Terry Parr

Terry Parr

‘He gave his energy to the city’

White Rock’s business community is reeling this morning from the loss of one of its champions.

Longtime businessman Terry Parr died suddenly Friday morning (May 6) at Peace Arch Hospital, South Surrey & White Rock Chamber of Commerce executive director Doug Hart confirmed.

It was “totally unexpected,” Hart said.

“We’re totally in shock here. I met with Terry yesterday afternoon and he was his usual self.

“It’s hard to fathom and believe that he’s gone.”

It’s believed Parr suffered a heart attack.

Parr, who was in his 60s, owned Parfour Signs and Printing in Central Plaza. He has played an active role in the city’s business community for many years, including terms as president of both the South Surrey & White Rock Chamber of Commerce and the White Rock Business Improvement Association. He was also a Rotarian.

Hart described the father and grandfather as “one of the driving forces behind a new vision and economic growth and prosperity for the City of White Rock.”

“That was his passion, to do everything he could to help White Rock and work with White Rock. He gave his energy to the city.”

Parr had a bigger-than-life personality, Hart added.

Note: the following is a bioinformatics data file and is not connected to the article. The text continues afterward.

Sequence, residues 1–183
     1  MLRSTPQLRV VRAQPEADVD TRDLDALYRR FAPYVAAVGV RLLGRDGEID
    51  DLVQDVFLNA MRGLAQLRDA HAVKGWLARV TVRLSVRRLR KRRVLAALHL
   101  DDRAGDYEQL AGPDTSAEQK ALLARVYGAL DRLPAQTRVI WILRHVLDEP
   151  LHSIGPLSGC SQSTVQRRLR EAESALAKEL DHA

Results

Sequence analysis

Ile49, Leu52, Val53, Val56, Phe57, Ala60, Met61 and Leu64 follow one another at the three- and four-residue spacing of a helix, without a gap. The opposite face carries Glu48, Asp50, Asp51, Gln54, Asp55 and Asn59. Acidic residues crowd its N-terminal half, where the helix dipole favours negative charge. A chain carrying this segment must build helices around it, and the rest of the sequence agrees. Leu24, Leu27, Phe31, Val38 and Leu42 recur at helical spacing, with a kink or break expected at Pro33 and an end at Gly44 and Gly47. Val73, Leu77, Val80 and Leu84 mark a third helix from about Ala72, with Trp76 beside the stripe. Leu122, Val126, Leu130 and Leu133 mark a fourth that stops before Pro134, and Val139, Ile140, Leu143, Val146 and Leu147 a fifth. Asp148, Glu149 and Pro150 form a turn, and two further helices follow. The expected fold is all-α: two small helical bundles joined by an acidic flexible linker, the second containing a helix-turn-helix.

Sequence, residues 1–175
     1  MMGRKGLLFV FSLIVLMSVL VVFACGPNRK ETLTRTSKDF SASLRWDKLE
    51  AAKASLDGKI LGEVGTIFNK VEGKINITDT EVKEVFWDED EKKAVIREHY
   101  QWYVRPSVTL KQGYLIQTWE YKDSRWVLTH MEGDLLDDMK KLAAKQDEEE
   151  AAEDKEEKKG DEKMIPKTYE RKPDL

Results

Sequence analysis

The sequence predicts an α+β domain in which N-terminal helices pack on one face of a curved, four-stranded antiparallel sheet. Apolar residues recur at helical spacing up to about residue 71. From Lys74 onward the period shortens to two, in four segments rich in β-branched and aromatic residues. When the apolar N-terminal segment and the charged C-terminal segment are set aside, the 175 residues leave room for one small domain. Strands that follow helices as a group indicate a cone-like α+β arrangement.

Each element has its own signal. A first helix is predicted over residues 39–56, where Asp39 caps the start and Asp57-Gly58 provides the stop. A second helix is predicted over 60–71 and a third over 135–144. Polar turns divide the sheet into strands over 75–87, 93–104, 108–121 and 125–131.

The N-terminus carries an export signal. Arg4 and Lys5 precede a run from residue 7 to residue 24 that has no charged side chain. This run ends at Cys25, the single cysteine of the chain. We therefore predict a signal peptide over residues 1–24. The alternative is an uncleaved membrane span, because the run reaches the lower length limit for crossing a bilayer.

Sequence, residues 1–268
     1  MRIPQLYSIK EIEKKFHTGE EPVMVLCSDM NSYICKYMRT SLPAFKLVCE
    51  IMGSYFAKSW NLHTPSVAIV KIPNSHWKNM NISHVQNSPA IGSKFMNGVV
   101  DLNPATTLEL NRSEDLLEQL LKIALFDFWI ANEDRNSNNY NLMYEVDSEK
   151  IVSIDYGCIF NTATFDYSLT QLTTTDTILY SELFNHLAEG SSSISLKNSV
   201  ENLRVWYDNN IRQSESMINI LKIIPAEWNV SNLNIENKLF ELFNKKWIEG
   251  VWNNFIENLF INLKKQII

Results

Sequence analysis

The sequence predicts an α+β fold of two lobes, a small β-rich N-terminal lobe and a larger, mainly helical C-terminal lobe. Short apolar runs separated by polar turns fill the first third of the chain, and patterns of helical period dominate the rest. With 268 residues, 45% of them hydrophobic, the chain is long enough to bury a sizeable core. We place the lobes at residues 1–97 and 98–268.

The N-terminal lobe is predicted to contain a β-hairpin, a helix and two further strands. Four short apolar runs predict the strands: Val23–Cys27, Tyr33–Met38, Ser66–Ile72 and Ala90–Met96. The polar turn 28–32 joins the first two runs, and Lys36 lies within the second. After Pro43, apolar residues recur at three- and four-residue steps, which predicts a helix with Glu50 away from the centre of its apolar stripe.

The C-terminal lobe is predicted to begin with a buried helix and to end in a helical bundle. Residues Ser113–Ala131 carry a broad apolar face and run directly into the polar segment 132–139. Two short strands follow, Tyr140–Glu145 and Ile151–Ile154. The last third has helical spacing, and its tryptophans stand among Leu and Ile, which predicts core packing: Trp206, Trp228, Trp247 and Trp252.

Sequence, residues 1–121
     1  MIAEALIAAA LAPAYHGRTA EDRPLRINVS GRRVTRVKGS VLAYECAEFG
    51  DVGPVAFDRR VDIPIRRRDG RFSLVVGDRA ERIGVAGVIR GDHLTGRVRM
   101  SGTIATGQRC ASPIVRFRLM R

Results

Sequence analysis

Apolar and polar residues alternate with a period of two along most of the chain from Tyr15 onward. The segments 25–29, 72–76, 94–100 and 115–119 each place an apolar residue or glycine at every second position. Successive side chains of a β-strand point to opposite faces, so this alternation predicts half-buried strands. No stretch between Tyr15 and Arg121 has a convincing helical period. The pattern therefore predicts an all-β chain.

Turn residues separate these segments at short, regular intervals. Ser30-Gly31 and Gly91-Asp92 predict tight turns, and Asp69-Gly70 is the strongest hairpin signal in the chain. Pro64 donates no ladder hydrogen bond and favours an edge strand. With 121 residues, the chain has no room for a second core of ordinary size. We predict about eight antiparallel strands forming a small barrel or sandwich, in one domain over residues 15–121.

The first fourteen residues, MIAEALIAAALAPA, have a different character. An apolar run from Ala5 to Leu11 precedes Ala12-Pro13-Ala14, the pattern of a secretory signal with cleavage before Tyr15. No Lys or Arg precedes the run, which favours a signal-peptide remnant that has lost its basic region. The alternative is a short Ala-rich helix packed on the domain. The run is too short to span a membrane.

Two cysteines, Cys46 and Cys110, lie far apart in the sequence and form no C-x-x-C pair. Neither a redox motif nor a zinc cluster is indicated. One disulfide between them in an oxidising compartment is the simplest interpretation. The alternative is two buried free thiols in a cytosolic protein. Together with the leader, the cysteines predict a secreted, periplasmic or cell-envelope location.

“You always knew where you stood with Terry,” he said.

“He’s going to be sadly missed.”

Mayor Catherine Ferguson, who was a friend of Parr’s, agreed. She described him as “a big part of the community.”

“He had his rough side, his gruff side, but he was a softy inside,” she said. “He was sort of the hub. A lot of people would come to Terry and talk about things.

“It’s going to leave a big hole in the community, for sure. He was a very special person and I hope he knew how much he was appreciated.”

Parr moved to the Semiahmoo Peninsula in 1975 – before Semiahmoo Shopping Centre was built.

He got into the printing business after more than 15 years in the contract food service business and an unsuccessful effort to buy a pub.

Parr told Peace Arch News in 2008 that he and a friend had the business savvy to make a go of owning a pub, but couldn’t swing the finances. It’s just as well – “our wives weren’t too excited about the pub business,” Parr joked.

“We just continued on down the line of p’s and got into printing.”

Parr owned Zippy Print – the parent company’s first Vancouver franchise – for about 10 years before it was bought out. It was then he decided to do something local. Printing and signs turned out to be the winning combination. Parfour has been in Central Plaza 17 years.

Parr got involved with the BIA at its launch in 2004. When he took on the role of president in 2008, he described the association as “a very good thing” for White Rock. It helped get business people involved in promoting themselves, he said.

Parr was also supportive of Tourism White Rock, an initiative championed by the BIA to help the city develop a vibrant year-round tourism economy.